A Midsummer Night’s Dream

William Shakespeare was born in the 1564 and died in 1616. He lived in the Elizabethan era and Elizabethan society was very different to the society of today and this difference was very visible in the theatre. In Elizabethan times, theatre was more communal and accessible to the masses than it is today, where theatre is seen as more formal and elitist. Shakespeare’s plays appealed to and attracted a wide audience: Queen Elizabeth herself watched some of his plays.

In the Globe Theatre, where the majority of his plays were performed, the less affluent theatre goers stood around the stage (and were known as the groundlings), whereas those better off would be in the seats and boxes which were arranged in an upwards curve. This mass appeal would manifest itself in the wide variety of characters in his plays. For example, in A Midsummer Night’s Dream, there are many different types of characters for the audience to relate to, ranging from the Duke and Duchess to the “rude mechanicals”.

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This play is about the meeting of different groups of people and what happens when their worlds collide. In this essay… [A midsummer night’s dream is set in Athens and the part of the play I will be focusing on in this essay occurs in the woods. ] Four Athenian youths are roaming the woods on midsummer’s night. Lysander and Hermia are trying to elope but Demetrius has followed them because he also wants to marry Hermia. Hermia’s father Egeus has promised her to Demetrius and says if she refuses to marry him she should be put to death or become a nun.

Hermia and Lysander have run away to get married and escape this fate, but told Hermia’s friend Helena who then told Demetrius where they ran to because she is in love with him. She also followed Demetrius into the woods despite his protestations that he hates her. Another group in the woods are the working men who are rehearsing a play which is to be performed on Duke Theseus’ wedding day. The third and final group in the forest are the fairies who inhabit it. The audience of the play is introduced to Titania and Oberon who are the King and Queen of the fairies.

They are having an argument over a changeling boy who they both want. Oberon wants the boy in order to train him as a knight, but Titania refuses to let him have him as she promised the boy’s mother she would look after him. Oberon, angered by this, tells his mischievous servant Puck to fetch a magical flower which when its juice is applied to a person’s eyes will make them fall in love with the first person or creature they see. While awaiting Puck’s return Oberon sees Demetrius being obnoxious to Helena and resolves to fix their problem with the flower.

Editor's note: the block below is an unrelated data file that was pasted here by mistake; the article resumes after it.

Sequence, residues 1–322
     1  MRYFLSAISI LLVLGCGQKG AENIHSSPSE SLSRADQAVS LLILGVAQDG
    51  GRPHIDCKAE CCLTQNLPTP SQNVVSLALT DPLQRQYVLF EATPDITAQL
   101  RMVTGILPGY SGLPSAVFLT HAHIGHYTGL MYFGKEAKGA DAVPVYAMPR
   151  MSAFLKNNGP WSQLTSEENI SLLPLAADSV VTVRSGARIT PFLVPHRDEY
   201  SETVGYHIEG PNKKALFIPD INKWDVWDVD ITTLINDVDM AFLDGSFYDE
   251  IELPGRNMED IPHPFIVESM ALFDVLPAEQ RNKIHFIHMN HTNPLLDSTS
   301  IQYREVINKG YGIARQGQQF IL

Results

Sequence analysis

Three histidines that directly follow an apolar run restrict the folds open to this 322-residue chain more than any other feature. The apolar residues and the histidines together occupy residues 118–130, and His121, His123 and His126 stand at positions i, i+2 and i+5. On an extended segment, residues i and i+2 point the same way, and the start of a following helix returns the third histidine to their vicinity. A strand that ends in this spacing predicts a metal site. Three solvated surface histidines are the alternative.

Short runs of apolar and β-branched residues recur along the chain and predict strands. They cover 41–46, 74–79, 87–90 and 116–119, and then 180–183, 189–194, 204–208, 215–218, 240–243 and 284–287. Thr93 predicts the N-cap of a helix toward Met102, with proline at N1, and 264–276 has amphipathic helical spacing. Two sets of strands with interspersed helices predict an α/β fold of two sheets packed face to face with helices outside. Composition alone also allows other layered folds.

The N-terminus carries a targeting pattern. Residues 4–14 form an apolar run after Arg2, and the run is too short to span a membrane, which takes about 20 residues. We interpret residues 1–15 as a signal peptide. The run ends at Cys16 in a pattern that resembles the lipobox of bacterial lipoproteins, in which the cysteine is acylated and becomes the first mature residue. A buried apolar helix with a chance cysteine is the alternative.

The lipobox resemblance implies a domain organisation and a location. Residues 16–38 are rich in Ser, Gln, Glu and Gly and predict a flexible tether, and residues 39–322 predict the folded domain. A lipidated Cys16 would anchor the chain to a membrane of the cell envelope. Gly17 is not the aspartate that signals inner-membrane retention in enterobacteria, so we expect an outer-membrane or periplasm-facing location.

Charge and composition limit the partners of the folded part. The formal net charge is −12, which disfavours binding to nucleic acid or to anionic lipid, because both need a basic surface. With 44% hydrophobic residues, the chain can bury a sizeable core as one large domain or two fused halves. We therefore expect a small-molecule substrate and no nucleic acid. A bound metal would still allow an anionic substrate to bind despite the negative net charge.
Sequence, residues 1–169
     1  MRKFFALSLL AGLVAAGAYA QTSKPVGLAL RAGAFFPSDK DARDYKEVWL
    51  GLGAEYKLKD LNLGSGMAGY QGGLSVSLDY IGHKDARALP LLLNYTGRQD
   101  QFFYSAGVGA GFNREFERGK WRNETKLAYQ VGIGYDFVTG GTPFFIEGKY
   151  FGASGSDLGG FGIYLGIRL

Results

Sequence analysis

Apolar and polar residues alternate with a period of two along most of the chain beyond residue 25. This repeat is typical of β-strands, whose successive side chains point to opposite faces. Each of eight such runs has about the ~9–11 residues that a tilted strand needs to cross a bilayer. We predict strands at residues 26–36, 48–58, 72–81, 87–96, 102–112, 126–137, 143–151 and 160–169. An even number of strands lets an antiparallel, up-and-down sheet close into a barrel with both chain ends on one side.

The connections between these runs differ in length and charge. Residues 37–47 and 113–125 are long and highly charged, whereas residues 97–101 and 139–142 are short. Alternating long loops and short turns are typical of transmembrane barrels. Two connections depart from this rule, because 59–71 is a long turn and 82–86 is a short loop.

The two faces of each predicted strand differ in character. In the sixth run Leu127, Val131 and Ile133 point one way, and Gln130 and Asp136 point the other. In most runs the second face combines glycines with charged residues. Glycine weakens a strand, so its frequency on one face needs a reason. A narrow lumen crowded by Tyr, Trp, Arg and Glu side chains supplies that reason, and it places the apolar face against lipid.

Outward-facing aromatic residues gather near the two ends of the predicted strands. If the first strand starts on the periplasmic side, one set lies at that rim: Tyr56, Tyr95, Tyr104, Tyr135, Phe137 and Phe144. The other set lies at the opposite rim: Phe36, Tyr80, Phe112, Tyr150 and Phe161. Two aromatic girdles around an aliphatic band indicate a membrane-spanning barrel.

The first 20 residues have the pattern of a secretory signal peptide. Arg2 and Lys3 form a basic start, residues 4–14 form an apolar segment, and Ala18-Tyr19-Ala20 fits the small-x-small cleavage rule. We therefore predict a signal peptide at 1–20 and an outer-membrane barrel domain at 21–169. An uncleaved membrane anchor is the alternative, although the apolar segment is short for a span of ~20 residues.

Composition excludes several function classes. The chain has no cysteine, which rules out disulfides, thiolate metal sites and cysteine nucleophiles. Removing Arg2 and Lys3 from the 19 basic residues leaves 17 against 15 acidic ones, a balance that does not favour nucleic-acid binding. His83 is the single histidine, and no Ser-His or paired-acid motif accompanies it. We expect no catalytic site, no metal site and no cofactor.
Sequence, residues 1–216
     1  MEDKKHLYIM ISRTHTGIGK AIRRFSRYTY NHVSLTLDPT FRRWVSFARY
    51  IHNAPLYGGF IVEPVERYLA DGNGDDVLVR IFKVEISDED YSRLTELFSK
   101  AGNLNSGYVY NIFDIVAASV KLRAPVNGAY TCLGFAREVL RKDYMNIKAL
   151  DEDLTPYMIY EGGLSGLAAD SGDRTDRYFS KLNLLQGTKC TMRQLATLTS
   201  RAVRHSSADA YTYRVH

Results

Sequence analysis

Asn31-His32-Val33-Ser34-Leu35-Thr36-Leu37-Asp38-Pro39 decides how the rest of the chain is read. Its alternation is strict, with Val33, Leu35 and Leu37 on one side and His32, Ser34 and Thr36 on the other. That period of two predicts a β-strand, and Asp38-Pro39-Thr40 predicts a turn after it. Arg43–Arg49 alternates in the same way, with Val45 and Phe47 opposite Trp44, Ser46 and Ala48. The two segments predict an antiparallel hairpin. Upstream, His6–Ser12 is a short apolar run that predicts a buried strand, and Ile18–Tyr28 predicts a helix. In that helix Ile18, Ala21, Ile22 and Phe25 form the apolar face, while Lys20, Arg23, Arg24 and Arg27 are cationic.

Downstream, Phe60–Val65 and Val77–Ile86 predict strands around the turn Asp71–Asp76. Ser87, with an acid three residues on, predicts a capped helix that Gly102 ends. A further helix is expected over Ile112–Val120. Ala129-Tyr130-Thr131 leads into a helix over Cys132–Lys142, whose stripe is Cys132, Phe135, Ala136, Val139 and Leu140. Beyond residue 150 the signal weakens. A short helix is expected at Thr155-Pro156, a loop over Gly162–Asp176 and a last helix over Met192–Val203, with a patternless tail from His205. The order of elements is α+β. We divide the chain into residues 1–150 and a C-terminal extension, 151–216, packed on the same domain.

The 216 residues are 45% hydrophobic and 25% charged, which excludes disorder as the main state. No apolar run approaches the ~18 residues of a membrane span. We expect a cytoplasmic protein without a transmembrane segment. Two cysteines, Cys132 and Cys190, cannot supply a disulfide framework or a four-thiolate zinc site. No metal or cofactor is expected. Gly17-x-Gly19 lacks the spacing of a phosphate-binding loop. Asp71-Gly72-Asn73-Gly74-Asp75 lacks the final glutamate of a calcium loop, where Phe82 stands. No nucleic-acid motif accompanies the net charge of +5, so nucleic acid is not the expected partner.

Oberon orders Puck to anoint the eyes of the Athenian youth, not knowing that Lysander and Hermia are also in the woods. Lysander’s eyes are anointed by Puck and he falls madly in love with Helena and much chaos ensues. In this essay I am going to discuss the way Shakespeare uses language and the effects he creates by comparing two of Oberon’s speeches. The first passage I will be focusing on will be from Act three scene two. I am going to claim that Shakespeare’s use of language and rhyme creates the atmosphere of a spell.

When Oberon anoints Titania’s eyes and casts the love spell, Shakespeare uses seven syllables per line to create more of a mystical and spell like atmosphere. The speech I am studying is spoken by Oberon in at three scene two and is as follows; “Flower of this purple dye, Hit with Cupid’s archery, Sink in apple of his eye When his love he doth espy,

Let her shine as gloriously As the Venus of the sky. When thou wak’st, if she be by, Beg of her for remedy. ” As you can see this is not typical of Shakespeare as it is not written in iambic pentameter and has a rhyme scheme of A, B, A, A, B, A, B. This differentiates it from the rest of the prose and marks it out as a spell. Shakespeare neglects to use alliteration as it would depreciate from the ethereal qualities of the spell. In this speech there is a marked lack of literary techniques so as not to detract from the spell itself.

The language used is fairly plain and the meaning is clear; Demetrius should fall in love with Helena and apologise for his past maltreatment of her. The spell is almost like a chant and highlights to the reader or audience that magic is indeed at work here. I will now analyse the second speech I have chosen by Oberon and compare and contrast the two. The second speech I have chosen is also in act three scene two and begins on line 354. The speeches are on sight very different; the second is much longer and is written in iambic pentameter.

Looking more closely we see that the rhyme scheme changes too; in this speech each line rhymes, or half rhymes, with the line following it. This speech is more typical of Shakespeare’s way of writing; it is laden with literary techniques and eloquent prose. Oberon is talking about the solution to the problem which he created. He speaks fluidly and eloquently and in a way which is totally different to that of the previous speech I looked at. I have proved in this essay that when Shakespeare alters the language he uses the effect changes.